Saturday Sentiments

Last weekend, I practically killed myself getting a bathing suit for when we go sailing today.  And then the high temperature decided to be 72 degrees.  Oy with the poodles already!

This week, the internet had a lot to offer.  Here’s a snapshot.

Life is rough for female comedians.

Here’s something from my favorite one, who writes about juice in a way that will make you rethink your whole life.

Allergies have hit me hard this year.    It’s good to know there’s no hope.

But plants aren’t all bad.  They can clean the air, too!

Gluten free pizza bites.  YES!

You had me at cheesy.

I need to get to work on my popsicle game this summer.  I think these will help.

Enjoy your long weekend.  You had better believe I am!

Saturday Sentiments

I’m full of opinions this week.  I’ve been thinking a lot about parenthood lately.  And how very important it is to monitor our expectations.  Part of me dreams about the days spent playing with my kids, taking them to baseball games, and cooking dinner while they work on homework.

Except that’s a little silly.  Because I haven’t the slightest idea what’s in store for me or them.  What if they’re struggling learners?  That whole multitasking homework thing is probably out the window.  What if they have sports?  There are a thousand what ifs, and I can’t possibly prepare for all of them.

And then I think about my students right now, who I absolutely adore.  About how they love learning, but they weren’t that way 9 months ago.  About how we learned and grew together this year, and I love them for it.  And every one of them is delightful and lovable for their own very distinct reasons.  And I didn’t have any expectations of their interests before they entered my classroom.

Keeping expectations in check is a tricky thing.  Because it’s easy to get caught up in a dream… predicting for yourself what things will be like.  But it’s so much better when you expect nothing because then everything will exceed that.  Working on this…

In the meantime, I’m thinking about how to make sure my children are feminists.  I have no expectation that they will be when they come to me.  And I recognize that this transition could be easy or difficult depending on past experiences.  But it’s an important value of mine and my husband’s so we’re going to have to figure out something.

But down to the food.  Let’s talk for a moment about my obsession with Nicole Hunn from Gluten Free on a Shoestring.  Here’s the bottom line.  I have no idea how that woman manages to publish so many cookbooks (I have all but classic snacks and use them regularly) and still manages to keep her blog so dang relevant.  I don’t understand, but I super appreciate it.  If you haven’t jumped on this bandwagon yet, I’m going to highly recommend.

Her recipes are consistently delicious.  Consistently inexpensive to make (at least for what they are).  And consistently helpful.  She tells you all the best places to buy your flours, which is especially helpful if you’re just getting started on the whole gluten free thing.  And once you have certain flours on hand, it’s really very easy to make almost anything she makes.  But even without that, she gives you recipes using “all-purpose” flour blends in the ingredients which obviously taste better with her blends, but work fine with store-bought.  She’s rad.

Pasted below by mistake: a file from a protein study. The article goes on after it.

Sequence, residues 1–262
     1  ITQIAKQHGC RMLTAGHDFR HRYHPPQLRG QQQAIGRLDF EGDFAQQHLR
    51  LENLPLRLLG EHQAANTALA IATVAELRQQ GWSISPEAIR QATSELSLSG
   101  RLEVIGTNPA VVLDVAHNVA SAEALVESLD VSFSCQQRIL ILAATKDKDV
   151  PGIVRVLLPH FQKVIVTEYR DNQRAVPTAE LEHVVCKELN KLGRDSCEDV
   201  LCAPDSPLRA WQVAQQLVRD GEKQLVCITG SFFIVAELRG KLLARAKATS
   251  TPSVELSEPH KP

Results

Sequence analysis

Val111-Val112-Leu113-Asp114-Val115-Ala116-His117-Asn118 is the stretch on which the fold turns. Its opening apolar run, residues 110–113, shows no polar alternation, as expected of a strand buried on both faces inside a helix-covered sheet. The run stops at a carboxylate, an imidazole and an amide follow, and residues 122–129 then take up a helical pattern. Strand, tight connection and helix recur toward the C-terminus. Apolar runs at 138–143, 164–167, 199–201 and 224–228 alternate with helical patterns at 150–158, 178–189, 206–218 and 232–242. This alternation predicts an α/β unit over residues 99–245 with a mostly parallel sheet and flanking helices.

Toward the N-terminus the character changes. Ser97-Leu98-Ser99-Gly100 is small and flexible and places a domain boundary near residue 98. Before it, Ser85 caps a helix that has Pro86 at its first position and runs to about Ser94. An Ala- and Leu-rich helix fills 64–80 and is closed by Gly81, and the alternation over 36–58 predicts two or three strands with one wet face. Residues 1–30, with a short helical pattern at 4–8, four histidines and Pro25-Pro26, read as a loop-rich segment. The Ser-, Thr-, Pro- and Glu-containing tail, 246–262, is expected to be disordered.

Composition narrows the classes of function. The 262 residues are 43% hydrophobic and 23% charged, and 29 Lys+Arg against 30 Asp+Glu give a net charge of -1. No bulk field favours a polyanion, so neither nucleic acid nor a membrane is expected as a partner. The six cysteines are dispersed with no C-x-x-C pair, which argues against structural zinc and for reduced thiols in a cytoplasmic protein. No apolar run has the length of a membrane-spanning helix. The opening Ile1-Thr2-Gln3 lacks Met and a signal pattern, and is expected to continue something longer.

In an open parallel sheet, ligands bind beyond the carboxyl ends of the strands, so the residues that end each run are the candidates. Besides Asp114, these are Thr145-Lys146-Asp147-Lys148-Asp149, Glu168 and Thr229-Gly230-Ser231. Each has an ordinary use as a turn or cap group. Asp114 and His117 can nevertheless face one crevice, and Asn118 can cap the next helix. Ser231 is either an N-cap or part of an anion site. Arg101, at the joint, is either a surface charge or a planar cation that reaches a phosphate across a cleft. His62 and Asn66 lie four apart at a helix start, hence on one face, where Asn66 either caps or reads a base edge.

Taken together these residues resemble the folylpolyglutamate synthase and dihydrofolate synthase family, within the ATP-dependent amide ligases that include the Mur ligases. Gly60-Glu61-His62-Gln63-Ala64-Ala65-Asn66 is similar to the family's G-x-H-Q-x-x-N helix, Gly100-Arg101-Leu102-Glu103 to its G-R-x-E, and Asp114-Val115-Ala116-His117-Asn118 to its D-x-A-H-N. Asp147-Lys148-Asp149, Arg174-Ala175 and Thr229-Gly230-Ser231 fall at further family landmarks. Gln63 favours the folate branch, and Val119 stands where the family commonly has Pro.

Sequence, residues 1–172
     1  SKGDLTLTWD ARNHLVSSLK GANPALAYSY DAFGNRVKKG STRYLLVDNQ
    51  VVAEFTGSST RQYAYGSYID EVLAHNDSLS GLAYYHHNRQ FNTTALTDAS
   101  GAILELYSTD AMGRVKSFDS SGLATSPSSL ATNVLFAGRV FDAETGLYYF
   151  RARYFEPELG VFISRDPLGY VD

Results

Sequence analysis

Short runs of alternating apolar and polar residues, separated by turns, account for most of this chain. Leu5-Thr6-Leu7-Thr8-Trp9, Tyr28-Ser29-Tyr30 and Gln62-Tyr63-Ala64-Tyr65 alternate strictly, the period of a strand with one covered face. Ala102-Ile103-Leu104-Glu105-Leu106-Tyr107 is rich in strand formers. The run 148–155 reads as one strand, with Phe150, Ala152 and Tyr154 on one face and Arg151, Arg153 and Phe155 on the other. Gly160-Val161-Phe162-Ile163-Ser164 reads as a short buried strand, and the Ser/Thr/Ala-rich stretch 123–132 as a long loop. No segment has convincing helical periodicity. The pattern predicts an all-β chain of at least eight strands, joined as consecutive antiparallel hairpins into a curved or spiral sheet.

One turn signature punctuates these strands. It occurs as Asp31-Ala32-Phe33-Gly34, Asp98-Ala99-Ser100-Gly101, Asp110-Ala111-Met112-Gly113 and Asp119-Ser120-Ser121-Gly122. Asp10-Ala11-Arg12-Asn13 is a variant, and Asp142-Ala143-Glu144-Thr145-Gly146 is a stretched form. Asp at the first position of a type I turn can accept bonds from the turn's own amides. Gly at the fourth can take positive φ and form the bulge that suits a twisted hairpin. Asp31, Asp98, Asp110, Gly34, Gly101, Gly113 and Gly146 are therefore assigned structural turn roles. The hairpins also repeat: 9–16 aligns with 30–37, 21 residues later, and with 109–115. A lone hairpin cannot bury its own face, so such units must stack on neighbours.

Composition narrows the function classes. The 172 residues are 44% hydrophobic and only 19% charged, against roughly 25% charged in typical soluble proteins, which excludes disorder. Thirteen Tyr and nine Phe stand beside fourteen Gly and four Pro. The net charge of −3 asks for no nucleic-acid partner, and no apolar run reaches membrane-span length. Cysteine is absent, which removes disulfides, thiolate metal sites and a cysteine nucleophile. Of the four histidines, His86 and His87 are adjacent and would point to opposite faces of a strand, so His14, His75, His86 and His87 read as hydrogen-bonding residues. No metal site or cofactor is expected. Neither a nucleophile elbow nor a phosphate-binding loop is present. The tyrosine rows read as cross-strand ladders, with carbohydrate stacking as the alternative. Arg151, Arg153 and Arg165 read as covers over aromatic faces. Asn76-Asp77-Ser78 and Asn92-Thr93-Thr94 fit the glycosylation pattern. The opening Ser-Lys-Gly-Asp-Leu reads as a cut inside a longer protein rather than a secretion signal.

This week, she made brownies that are full of goo, and I’m absolutely dying for.

And then she also posted a recipe for gluten free bisquick which is literally the only flour blend in my pantry that I didn’t go to her for before.  You can bet there isn’t one now.

This weekend, I’m determined to find a bathing suit.  So you know… yikes.  I think there are gardening plans in the works, as well.  Enjoy these two little days!

 

Sunday Sentiments

I’m deep in the throws of bathing suit shopping.  I’m not really a fan of any type of shopping, but like… really not bathing suits.  Women are expected to prance around the beach in little more than their underwear, and sometimes tremendously less.  And if you’re not 100% comfortable in that, it’s mom bathing suits for you.

And if you want to actually swim in this suit rather than laying out on the beach (which is basically the least fun activity ever invented), good luck with that.  The moment you jump into the water, things will be falling off, and you’d better hope the water isn’t too clear.

But to top it off, I like to go swimming in the Chesapeake Bay, which is walking distance from my in-law’s house.  Which means I usually walk it.  In my bathing suit.  Along busy streets and past a dairy queen and burger queen.  Obviously anyone would want to walk that path in a skimpy bikini.

Hey, Jenny, why don’t you just wear a cover-up of some sort?  That’s a nice idea.  Oh wait, when we get to the beach, it’s a public beach that allows dogs, and I’m supposed to leave the cover-up on the beach while I swim (because I do that) where it can get trampled by a dog, blown away by the end, etc.

And to top it off, they cost an absolute insane amount.  Any woman who likes shopping for bathing suits is dead to me.

So let’s get into the exciting stuff:

10 Mother’s Day Cards You Would Actually Want to Send to Mom.  Seriously.  It’s just too real.

Tracy Shutterbean’s Peanut Butter Oatmeal Balls look like something I need for breakfast/snack this week.

If breakfast isn’t your favorite meal of the day, we can’t be friends.  And if you’re gluten free, your options just got better.

Let’s pursue simplicity.  Or let’s just never do anything we don’t want to do unless it directly allows us to do things we want to do (i.e., things that pay you money).  But seriously, I kind of live by that.

Cornmeal crepes filled with taco stuffin’s?  Yes, please.  As always, we need to thank Nicole Hunn.  She’s basically my hero.

You had me at ranch.  Seriously, you did.

Let’s do life.  With or without skimpy bathing suits.

Saturday Sentiments

Last night, as Joel and I were driving out of Durham, I was ranting endlessly about something stupid that happened at work and was still frustrating me, and Joel stopped me and said…

“I care about what you’re saying, but you also need to look at the sky, because it’s pretty, and I don’t want you to miss it.”

And that’s basically why I married that man.  He has a much better handle on what’s important in life than I do.